Welcome to the CAfS guide to sustainable living and reducing your carbon footprint.

In this section, you’ll find lots of information and resources to help you green up your lifestyle. Much of the guide is also relevant to businesses, but for more specific information please visit our business section.

Living sustainably means meeting our needs without compromising the ability of future generations to meet their needs.

To do that we need to protect our environment. But we also need to ensure that we all have food, water, shelter, healthcare, education and a decent income. Otherwise we’ll go back to plundering the Earth’s resources to survive.

You can find out more by looking at the United Nations Sustainable Development Goals or this video on Doughnut Economics by Kate Raworth.

As the UN’s 17 goals show, living more sustainably isn’t just about your carbon footprint. Within this bigger picture, CAfS focuses on action to combat climate change, and the guides in this section look mainly at reducing your greenhouse gas emissions, which are the main cause of climate change.

Where do greenhouse gases come from?

Carbon dioxide is the most prevalent greenhouse gas. It is emitted from natural processes, such as breathing, but the huge increase of this gas in our atmosphere since the industrial revolution has mainly come from burning fossil fuels to power our homes, our transport and our industries.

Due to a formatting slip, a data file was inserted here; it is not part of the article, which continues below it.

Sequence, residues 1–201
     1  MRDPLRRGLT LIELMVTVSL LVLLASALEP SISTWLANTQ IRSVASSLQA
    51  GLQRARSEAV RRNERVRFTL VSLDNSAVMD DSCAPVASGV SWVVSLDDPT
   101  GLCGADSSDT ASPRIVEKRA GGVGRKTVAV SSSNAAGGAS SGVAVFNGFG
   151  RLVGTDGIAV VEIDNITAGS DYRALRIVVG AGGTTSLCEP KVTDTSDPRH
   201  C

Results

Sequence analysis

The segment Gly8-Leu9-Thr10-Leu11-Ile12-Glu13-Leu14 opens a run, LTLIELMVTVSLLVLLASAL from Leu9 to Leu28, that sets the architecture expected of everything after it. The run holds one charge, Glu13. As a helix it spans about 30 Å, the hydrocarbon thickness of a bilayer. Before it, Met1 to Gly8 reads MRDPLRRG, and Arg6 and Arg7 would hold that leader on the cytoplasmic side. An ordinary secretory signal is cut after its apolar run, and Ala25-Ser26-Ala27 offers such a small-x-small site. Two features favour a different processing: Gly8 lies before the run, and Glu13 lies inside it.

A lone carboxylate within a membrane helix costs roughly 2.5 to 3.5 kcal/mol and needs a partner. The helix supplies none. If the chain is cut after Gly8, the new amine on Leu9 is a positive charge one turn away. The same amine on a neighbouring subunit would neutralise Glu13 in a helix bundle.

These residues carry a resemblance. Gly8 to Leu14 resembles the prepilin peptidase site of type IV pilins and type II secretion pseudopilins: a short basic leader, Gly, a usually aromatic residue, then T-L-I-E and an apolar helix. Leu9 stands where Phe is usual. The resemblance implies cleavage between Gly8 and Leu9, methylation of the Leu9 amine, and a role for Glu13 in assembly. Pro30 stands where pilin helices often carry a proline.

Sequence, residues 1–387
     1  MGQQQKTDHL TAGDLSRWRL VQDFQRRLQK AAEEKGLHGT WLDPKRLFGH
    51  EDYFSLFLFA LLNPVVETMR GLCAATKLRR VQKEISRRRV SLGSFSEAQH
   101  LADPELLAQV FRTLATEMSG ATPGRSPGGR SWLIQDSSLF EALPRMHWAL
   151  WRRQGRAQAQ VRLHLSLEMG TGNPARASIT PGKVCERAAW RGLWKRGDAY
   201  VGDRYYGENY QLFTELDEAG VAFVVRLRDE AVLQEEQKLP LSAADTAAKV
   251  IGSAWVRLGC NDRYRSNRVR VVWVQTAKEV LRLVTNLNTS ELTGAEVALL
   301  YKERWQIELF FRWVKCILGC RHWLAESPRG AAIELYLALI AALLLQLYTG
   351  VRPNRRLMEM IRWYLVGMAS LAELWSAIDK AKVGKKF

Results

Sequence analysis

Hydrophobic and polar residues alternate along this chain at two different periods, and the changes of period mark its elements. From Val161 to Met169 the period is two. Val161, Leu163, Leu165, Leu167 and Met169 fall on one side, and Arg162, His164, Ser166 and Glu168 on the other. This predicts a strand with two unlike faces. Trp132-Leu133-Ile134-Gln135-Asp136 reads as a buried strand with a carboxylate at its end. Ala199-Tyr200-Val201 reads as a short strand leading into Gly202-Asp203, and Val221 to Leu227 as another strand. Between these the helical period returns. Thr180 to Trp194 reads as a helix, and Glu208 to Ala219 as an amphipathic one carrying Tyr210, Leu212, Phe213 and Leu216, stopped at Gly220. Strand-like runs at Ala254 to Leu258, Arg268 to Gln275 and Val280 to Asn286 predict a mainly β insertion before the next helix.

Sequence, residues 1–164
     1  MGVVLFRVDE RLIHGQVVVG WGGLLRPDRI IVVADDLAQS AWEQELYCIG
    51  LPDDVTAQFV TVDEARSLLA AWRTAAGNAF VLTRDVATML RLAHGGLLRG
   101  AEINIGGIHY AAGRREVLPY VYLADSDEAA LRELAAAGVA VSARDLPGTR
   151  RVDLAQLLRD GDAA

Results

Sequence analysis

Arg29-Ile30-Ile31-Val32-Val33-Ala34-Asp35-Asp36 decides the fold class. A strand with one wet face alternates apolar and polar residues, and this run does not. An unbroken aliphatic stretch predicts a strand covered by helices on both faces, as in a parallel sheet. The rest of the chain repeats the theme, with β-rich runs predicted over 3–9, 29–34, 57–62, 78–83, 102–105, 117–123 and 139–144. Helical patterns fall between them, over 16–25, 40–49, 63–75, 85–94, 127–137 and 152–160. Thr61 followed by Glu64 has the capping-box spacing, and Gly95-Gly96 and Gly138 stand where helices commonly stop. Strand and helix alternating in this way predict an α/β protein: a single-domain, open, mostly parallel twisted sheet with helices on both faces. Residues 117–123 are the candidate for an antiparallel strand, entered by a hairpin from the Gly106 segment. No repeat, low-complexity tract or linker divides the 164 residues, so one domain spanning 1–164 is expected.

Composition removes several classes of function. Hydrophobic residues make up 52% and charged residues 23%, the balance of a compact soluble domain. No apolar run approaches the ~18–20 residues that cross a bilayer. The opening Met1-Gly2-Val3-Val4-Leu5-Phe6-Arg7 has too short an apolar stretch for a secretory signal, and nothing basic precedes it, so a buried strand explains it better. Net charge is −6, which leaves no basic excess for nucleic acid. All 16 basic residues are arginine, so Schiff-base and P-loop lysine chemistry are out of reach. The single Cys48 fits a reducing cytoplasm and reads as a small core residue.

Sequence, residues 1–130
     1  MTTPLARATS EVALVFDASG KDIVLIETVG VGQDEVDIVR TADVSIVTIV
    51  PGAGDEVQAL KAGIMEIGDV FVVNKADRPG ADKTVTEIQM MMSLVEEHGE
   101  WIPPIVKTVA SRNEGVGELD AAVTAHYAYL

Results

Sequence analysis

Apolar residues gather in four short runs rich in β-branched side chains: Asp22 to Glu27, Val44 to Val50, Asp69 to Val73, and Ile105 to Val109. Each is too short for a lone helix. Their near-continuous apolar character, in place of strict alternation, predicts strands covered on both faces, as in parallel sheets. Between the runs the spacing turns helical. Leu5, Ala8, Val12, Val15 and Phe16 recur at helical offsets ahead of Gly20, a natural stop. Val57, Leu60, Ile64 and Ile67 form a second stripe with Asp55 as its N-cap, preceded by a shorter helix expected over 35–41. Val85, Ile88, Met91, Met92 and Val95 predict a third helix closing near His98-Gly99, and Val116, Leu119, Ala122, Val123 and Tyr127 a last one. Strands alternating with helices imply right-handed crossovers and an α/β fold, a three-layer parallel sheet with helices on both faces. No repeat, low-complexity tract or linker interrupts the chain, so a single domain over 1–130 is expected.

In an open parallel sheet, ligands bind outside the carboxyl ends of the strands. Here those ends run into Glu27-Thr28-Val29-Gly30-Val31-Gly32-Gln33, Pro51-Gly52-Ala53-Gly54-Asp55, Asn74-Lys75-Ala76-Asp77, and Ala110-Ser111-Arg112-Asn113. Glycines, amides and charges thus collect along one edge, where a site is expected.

However, it is not the only greenhouse gas. Methane, for example, has twenty times as much global warming potential, and comes from livestock and landfill, as well as from fossil fuels.

Make the change!

A volunteer from PACT helps repair a CD player at the Penrith Repair Cafe in August 2018Some aspects of your life will have a bigger impact than others on your carbon footprint. If you’re like most people, food and drink, household energy and transport will be causing the biggest chunks of your carbon emissions.

Food and drink account for a quarter.

Household energy is around 16%.

A car adds about 14%.

(Source: Small World Consulting. You might see slightly different estimates elsewhere, depending on the method they use and what they include in their calculations.)

Other ways you’ll add to your carbon footprint include shopping and waste, for example.

If you want to lower your carbon footprint and tread a little more lightly on the world, explore our guides below. They offer practical advice to help you make changes.

Lines v circles

At the heart of these guides is the idea of a ‘circular economy’, recognising that many of our resources are finite and we should be reusing them, instead of the ‘linear economy’, where they’re thrown away. There’s more about this on the box on this page.

How big is your carbon footprint?

Find out what your carbon footprint is now with the CAfS carbon footprint calculator.

As you make changes to your lifestyle, you can use the calculator to track reductions in your carbon footprint.

Find out more >

Pie chart showing average UK person's carbon footprint

Source: How Bad Are Bananas by Mike Berners-Lee

CAfS guides to sustainable living

Browse our lifestyle guides below for practical steps you can take to reduce your carbon footprint.

Don’t forget to also visit the For your home section, where you’ll find guides and tips to help you use less energy at home.